3. Earn your flashbacks
You should only include flashback scenes if they're absolutely necessary. If a flashback doesn't further the plot or provide any new information, then it's not worth including.
Every scene in your story should have a purpose. If a flashback scene doesn't serve that purpose, then it needs to be cut.
4. Use the flashback sparingly
Flashbacks can be a great way to provide information about a character or further the plot, but they should be used sparingly. You don't want your story to feel like one big flashback scene.
If you find that you're including too many flashback scenes, try to find another way to provide the same information. Perhaps there's another scene you can include that doesn't involve a flashback.
5. Keep the flashback brief
A flashback scene should be just long enough to provide the necessary information. You don't want to include too much detail or go on for too long, as that will bore your readers.
Remember, less is more when it comes to flashback scenes. Just include what's absolutely essential and then move on.
Do I have to use past tense when writing flashbacks?
Yes, flashbacks should always be in past tense. This is because they're scenes that have already happened and are being recalled by the character.
If you use present tense, it'll just confuse your readers and make the flashback scene feel out of place.
Past perfect tense can also be used in flashback scenes. This is when you use "had" before the verb. For example: "I had gone to the store."
The reason some writers choose to use past perfect tense is that it can create a sense of distance between the character and the event they're recalling.
This can be effective if you want to show that the character has moved on from what happened or if they're struggling to come to terms with it.
How do you write a flashback in a flashback?
If you're writing a flashback within a flashback, make sure to indicate this to your readers.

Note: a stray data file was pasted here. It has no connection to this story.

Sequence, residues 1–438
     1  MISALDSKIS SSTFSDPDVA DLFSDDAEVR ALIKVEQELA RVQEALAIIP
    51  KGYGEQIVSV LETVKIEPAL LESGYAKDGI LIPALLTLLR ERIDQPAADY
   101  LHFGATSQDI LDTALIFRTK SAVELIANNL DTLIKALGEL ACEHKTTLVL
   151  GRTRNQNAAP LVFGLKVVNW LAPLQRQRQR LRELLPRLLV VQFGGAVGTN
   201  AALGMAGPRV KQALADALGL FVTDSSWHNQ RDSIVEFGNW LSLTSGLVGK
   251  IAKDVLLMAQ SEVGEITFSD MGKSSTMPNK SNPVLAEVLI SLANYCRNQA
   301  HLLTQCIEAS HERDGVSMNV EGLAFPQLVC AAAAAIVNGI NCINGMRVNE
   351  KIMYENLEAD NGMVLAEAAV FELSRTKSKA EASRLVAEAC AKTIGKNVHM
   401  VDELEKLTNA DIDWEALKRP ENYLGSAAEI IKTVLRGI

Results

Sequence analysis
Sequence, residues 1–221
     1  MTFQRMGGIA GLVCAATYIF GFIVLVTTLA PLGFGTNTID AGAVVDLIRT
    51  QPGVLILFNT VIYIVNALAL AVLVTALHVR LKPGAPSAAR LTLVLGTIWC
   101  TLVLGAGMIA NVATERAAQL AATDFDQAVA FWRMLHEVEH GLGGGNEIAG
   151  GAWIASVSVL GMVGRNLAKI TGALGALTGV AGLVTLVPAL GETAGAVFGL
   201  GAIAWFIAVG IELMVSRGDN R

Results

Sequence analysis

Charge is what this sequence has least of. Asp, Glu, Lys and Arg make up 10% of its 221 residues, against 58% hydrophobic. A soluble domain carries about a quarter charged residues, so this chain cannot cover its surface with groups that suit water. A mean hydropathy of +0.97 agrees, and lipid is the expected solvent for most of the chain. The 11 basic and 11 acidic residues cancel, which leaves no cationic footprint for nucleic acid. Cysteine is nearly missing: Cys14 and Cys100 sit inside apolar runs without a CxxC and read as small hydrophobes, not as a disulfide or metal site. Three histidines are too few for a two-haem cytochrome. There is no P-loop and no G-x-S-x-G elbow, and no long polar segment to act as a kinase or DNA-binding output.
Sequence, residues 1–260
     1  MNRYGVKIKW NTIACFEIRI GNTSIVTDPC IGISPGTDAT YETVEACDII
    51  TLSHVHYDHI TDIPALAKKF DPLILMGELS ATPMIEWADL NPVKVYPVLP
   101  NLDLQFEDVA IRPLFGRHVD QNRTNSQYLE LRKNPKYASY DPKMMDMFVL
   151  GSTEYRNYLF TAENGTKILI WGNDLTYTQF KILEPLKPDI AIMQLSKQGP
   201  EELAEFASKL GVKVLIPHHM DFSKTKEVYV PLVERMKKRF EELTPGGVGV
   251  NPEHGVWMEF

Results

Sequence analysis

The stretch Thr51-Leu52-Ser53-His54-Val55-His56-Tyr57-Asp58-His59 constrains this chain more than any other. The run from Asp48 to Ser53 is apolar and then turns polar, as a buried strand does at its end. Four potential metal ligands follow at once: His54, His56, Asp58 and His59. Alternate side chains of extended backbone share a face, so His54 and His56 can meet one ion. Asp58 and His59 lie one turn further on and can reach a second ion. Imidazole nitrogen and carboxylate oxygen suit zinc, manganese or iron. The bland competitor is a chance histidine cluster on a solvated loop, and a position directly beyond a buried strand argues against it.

You can use nesting dolls to show the different levels of flashback. For example, you could start with regular text for the outermost flashback, then use italics for the next level down, and so on.
Just make sure your readers know what's going on–you don't want them to get lost in all the flashbacks!
Examples of flashbacks
Below are a few flashback examples from popular books and movies. Notice how each one is different and how the flashback scene is used to further the story.
Star Wars: The Last Jedi
In this movie, we see a flashback scene of Luke Skywalker training his nephew, Ben Solo. This is a direct flashback because Luke is narrating this past event as an explanation to Rey about the origin of Kylo Ren. This sheds light on Kylo Ren, Rey's antagonist, and sets up the reasoning for Luke's current outlook on the Force.
The Lord of the Rings: The Two Towers
The movie The Lord of the Rings: The Two Towers starts with a high-energy flashback scene of Gandalf falling down a chasm while fighting the Balrog. This is portrayed as a fever dream for Frodo and serves as a dream sequence and a pseudo-prologue.
Flashbacks are great ways of showing a character's life story and adding depth to your story by bringing past events to life. But it's important to use them sparingly and make sure they're well-written.
By following the tips in this article, you'll be able to write flashback scenes that will grip your readers and leave them wanting more.